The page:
Missouri Show Me Health Plans Cost Calculator for Health Insurance Enrollment screen shot - health insurance education

Facilitating Health Insurance Enrollment in an Uncertain Environment

Lessons learned from five years of open enrollment in Missouri.

Birkmeyer02_pullquote - national physician practices NPPs

Aggregators, Innovators, and the Resurgence of National Physician Practices

A perspective on the growth of NPPs and the ideological divide between for-profit and nonprofit providers.

Hospital-based ACOs Key Capabilities Are Different Based on Level of Risk

Hospital-based ACOs Face Challenges in Tracking Performance Indicators

A focus on bundled payments for specific episodes of care — versus the broad changes required in an ACO model — may be a more effective method for ACO participants to develop capabilities required to measure utilization, cost, and revenue metrics.

Medicaid Referral to Specialist by the Numbers without eConsults

Can eConsults Save Medicaid?

How eConsults unlock medical expertise for the underserved.

Transparency Can Improve Both Quality and Cost of Care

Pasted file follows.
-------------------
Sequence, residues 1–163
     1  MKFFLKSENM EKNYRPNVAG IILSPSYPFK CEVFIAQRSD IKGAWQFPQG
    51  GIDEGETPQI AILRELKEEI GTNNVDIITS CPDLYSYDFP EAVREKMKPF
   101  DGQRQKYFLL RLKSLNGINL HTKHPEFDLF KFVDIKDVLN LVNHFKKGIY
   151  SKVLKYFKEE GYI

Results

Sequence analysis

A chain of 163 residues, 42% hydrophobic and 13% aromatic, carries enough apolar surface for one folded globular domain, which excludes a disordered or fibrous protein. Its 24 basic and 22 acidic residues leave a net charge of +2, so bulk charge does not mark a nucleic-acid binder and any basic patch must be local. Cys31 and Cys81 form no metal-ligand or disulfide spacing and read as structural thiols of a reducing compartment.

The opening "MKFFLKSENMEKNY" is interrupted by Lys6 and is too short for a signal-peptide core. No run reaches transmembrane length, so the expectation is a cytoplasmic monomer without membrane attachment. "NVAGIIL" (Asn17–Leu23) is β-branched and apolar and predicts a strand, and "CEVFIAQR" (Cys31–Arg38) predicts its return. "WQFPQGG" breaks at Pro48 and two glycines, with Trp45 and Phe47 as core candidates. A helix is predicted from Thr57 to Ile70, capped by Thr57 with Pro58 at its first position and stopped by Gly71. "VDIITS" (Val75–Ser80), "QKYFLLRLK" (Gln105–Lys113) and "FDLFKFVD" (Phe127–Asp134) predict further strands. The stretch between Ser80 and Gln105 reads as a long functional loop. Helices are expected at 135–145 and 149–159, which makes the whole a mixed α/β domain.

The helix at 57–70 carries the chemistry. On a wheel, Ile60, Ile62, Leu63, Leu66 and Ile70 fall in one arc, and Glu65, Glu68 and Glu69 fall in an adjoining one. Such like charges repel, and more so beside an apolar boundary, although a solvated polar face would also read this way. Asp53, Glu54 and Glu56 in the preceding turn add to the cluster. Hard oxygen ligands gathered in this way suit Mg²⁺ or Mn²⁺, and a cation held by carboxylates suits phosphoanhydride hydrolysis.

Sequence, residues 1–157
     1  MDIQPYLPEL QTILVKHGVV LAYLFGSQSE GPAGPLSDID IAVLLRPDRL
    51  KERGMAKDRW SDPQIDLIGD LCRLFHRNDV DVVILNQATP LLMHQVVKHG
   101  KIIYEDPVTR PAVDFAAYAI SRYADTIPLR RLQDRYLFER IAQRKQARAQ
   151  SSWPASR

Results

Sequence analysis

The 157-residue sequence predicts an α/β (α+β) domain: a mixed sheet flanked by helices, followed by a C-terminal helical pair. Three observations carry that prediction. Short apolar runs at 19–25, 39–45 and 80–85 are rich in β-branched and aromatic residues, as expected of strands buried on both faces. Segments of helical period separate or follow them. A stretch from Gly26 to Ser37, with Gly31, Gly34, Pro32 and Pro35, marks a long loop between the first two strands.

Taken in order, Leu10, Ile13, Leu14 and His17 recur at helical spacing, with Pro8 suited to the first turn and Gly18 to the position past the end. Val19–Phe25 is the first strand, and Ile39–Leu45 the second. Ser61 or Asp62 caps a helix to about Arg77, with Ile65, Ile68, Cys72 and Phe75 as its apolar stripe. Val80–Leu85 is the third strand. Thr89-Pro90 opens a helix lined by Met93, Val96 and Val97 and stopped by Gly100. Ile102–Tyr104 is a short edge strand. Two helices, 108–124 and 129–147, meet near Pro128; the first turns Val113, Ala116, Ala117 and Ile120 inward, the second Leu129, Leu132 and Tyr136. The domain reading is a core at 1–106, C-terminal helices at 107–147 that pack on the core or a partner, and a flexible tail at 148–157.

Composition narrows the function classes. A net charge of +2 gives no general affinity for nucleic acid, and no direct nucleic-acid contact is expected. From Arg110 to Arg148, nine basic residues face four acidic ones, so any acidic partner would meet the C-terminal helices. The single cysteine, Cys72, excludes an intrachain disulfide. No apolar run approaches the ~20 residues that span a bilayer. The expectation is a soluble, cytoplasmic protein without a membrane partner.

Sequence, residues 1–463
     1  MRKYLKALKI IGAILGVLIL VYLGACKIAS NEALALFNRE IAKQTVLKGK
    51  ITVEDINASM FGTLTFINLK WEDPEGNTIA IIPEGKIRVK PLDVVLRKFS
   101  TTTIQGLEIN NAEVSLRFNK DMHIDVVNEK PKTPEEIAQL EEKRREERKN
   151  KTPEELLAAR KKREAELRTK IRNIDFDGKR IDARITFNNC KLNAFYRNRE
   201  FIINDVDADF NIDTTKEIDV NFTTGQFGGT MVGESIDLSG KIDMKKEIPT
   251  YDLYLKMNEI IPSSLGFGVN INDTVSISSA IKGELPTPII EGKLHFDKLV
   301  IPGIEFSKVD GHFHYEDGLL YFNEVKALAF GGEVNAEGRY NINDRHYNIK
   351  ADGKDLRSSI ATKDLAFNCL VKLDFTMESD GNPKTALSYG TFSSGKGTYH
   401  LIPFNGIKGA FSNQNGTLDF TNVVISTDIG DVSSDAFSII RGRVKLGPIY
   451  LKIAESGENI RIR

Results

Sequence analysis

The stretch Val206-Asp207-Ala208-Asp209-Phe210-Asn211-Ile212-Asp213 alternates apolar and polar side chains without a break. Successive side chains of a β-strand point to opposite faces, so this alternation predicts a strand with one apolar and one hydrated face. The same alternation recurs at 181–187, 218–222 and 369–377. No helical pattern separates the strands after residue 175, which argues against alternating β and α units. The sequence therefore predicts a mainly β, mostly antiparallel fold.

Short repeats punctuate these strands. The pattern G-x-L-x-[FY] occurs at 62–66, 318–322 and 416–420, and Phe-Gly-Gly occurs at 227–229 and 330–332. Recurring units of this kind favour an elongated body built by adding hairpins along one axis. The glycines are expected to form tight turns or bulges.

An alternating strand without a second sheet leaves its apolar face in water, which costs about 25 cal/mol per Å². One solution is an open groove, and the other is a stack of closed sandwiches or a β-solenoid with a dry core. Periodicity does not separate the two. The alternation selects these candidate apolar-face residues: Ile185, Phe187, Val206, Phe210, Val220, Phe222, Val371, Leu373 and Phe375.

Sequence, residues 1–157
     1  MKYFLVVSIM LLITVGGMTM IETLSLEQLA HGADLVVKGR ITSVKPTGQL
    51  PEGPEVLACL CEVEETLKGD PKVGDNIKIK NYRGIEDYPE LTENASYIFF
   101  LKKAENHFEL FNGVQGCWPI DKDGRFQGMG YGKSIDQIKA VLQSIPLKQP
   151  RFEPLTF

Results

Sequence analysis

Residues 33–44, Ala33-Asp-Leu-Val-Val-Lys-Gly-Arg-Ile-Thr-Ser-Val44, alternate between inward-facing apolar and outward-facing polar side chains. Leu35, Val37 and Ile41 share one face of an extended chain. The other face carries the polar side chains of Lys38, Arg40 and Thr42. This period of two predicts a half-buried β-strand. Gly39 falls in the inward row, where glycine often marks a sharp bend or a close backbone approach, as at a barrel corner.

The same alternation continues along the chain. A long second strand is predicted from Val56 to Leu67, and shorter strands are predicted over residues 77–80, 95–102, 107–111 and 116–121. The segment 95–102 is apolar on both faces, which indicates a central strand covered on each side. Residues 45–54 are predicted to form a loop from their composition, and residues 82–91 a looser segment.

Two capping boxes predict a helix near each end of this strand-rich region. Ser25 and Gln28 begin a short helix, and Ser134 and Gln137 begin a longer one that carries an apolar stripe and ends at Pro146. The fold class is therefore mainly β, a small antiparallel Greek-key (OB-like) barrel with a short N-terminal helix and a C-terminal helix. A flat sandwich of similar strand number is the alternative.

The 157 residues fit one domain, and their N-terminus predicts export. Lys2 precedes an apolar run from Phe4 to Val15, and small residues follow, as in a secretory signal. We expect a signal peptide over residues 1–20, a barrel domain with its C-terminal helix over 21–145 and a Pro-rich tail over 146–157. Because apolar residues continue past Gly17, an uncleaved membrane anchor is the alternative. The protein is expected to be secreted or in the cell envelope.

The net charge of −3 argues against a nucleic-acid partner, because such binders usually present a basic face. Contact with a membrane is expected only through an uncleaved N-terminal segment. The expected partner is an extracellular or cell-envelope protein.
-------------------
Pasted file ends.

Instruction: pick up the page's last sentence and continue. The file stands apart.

Survey Snapshot: Seeing Progress in Transparency, but the Quest for Value Continues

NEJM Catalyst Insights Council members agree that despite the challenges and caveats, transparency efforts are essential.

Growth in alternative payment models shared savings shared risk bundled payments population-based payments

The State of the Evidence on Payment Reform

Despite some successes among the many efforts to execute value-oriented payment models, the lack of rigorous independent research studies impedes robust progress.

University of Utah Health Buzz Survey Report Cost of Care and Physician Responsibility Out-of-Pocket Costs

Buzz Survey Report: Cost of Care and Physician Responsibility

An independent NEJM Catalyst report sponsored by University of Utah Health on how practicing clinicians and health care leaders view health care costs.

Donald Berwick Melinda Buntin Patrick Conway Raymond Vara Edward Prewitt head shots IHI forum panel on health care policy

Signal or Noise? Navigating Health Care Policy — Part 2

A discussion from the Institute for Healthcare Improvement National Forum. Part 2 of a two-part series.


A weekly email newsletter featuring the latest actionable ideas and practical innovations from NEJM Catalyst.

Learn More »


Value Based Care

181 Articles

Are Fraud and Abuse Laws Stifling…

To realize the true potential of value-based care, we must update the underlying assumptions in…

What 21st Century Health Care Should…

Just as there is no such thing as good marketing or good manufacturing, there is…

Disrupting the Health Care Landscape: New…

Traditional boundaries are disappearing in health care. Unlikely partners such as CVS Health–Aetna are teaming…

Insights Council

Have a voice. Join other health care leaders effecting change, shaping tomorrow.

Apply Now